The Food and Drug Administration has allowed drugs for cancer and other diseases to stay on the market even when follow-up studies showed they didn't extend patients' lives, say congressional investigators.
A report due out Monday from the Government Accountability Office also shows that the FDA has never pulled a drug off the market due to a lack of required follow-up about its actual benefits — even when such information is more than a decade overdue.
When pressed about that policy, agency officials said they have no plans to get more aggressive.
The GAO says the FDA should do more to track whether drugs approved based on preliminary results actually have lived up to their promise.
The FDA responded that the report paints an overly negative picture of its so-called "accelerated approval" program, which is only used to approve drugs for the most serious diseases.
"Millions of patients with serious or life-threatening illnesses have had earlier access to new safe and effective treatments," thanks to the program, the FDA said in its response to the report.
In 1992, the FDA began speeding up the approval of novel drugs based on so-called surrogate endpoints, or laboratory measures that suggest the drug will make real improvements in patient health. HIV drugs, for example, are cleared based on their virus-lowering power, a predictor of increased survival.
Drugmakers favor the program because it helps them get products to market sooner, without conducting long-term patient studies that can take years and cost hundreds of millions of dollars. A condition of quicker approvals is that drugmakers conduct follow-up studies to show the drug's benefits actually panned out.
But the GAO report, a copy of which was obtained by The Associated Press, identified several drugs still on the market that never lived up to their initial promise. And in the 16 years that the FDA has used accelerated approval, it has never once pulled a drug off the market due to missing or unimpressive follow-up data.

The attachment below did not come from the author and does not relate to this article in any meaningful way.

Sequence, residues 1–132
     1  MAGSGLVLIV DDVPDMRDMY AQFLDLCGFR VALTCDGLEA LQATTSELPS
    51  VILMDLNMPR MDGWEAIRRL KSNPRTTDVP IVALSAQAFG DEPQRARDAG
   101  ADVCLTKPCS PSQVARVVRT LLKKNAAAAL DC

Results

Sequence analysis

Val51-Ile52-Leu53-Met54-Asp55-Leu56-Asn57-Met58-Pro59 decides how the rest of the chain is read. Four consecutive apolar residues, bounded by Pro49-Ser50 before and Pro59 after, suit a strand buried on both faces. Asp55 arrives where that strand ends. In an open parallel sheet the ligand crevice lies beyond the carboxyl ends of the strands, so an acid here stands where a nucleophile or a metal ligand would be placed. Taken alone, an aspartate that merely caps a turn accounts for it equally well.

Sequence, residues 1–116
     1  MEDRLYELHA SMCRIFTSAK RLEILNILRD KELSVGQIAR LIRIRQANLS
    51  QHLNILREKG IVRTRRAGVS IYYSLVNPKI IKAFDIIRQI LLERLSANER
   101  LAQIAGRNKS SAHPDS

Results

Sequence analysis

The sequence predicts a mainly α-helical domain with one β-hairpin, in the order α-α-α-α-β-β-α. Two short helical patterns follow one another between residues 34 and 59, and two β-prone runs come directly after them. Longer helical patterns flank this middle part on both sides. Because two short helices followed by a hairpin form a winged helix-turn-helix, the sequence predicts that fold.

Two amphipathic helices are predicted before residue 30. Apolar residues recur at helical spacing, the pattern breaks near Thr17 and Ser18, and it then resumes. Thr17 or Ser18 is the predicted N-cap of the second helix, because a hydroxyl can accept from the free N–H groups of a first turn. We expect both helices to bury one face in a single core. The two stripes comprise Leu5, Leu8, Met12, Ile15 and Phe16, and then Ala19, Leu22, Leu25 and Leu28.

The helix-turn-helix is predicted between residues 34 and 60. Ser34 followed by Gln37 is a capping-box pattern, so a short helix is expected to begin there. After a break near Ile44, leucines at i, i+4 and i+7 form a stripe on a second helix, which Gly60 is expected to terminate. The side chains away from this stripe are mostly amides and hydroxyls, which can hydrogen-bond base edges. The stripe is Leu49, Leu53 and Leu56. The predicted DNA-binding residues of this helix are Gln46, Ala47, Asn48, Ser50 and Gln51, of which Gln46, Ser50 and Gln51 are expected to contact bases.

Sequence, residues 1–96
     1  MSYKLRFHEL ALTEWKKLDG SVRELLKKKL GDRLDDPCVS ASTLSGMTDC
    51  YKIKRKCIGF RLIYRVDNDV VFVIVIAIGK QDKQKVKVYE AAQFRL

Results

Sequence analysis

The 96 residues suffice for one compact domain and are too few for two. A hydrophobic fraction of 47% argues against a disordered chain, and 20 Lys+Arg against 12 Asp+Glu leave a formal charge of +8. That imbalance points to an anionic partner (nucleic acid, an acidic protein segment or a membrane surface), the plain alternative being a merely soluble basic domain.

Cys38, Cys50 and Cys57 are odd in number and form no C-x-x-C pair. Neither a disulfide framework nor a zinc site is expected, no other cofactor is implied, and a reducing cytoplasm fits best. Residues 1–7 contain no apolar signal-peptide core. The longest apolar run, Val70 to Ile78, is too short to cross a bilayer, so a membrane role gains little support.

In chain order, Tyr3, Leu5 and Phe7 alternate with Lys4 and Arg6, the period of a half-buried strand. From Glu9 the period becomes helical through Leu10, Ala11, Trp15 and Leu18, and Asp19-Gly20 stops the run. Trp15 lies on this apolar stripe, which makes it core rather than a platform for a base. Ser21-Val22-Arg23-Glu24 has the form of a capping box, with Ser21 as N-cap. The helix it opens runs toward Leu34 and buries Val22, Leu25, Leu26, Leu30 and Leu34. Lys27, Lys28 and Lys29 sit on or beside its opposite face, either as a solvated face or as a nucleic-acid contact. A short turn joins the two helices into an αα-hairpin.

"FDA has fallen far short of where it should be for patient safety," said Sen. Charles Grassley, R-Iowa, who requested the investigation.
Of the 144 studies the FDA has required under the program since 1992, 64 percent have been completed and more than one-third are still pending, according to the GAO. Investigators said the FDA does not rigorously track whether companies are making progress on their required studies, although the agency is improving.
FDA officials say they have overhauled their tracking system since the GAO completed its report. And an outside analysis by contractor Booz Allen Hamilton concluded last month that most companies are meeting their study requirements on time.
But in the case of Shire Laboratories' low blood pressure treatment ProAmatine, the required study has gone incomplete for more than 13 years. The GAO found that ProAmatine has generated more than $257 million in sales, even though "the clinical benefit of the drug has never been established."
Shire did not respond to a request for comment Friday.
In other cases, the FDA has failed to act even when company studies show drugs did not improve patient outcomes.
The FDA approved AstraZeneca's lung cancer drug Iressa in 2003 based on early results showing it reduced the size of tumors. But later studies showed the drug did not significantly extend patient lives.
The FDA has left the drug on the market, despite hundreds of reports of a sometimes fatal pneumonia.
FDA officials explain that access to Iressa has been restricted to a small number of patients who have shown benefit. The agency recommends all other patients try two alternative drugs.
Iressa "is not available to new patients," AstraZeneca confirmed in a statement.
The GAO concluded that the FDA has no policy for pulling drugs off the market that were approved using surrogate endpoints. When GAO investigators confronted FDA officials about this lack of enforcement, they reportedly said it would be "difficult, if not impossible," to draft a standard policy for withdrawals, given the unique circumstances of individual drugs.
In certain cases, FDA officials say withdrawing a drug would mean eliminating the only available treatment for a condition.
"FDA should explain the principles it uses to make decisions such as drug withdrawals," said Principal Deputy Commissioner Dr. Joshua Sharfstein, in an interview with the AP. "But we don't want to lock ourselves into a specific set of criteria that takes away the flexibility to do what's right for the public health."
Sharfstein added that the agency has a task force assigned to look at policies like drug withdrawals.
Some consumers advocates say that's not good enough.
"The FDA has talked a lot about doing more enforcement, but this is an area where they're basically defending not enforcing the law," said Dr. Sidney Wolf, of the consumer advocacy group Public Citizen.
Wolfe said the lax policy sends a message to companies that there is no penalty for failing to complete studies.
The GAO recommends the FDA clarify when it will pull drugs off the market.
"As the scientific experts charged with overseeing the use of drugs it approves, FDA should be in a position to implement this recommendation," the report states.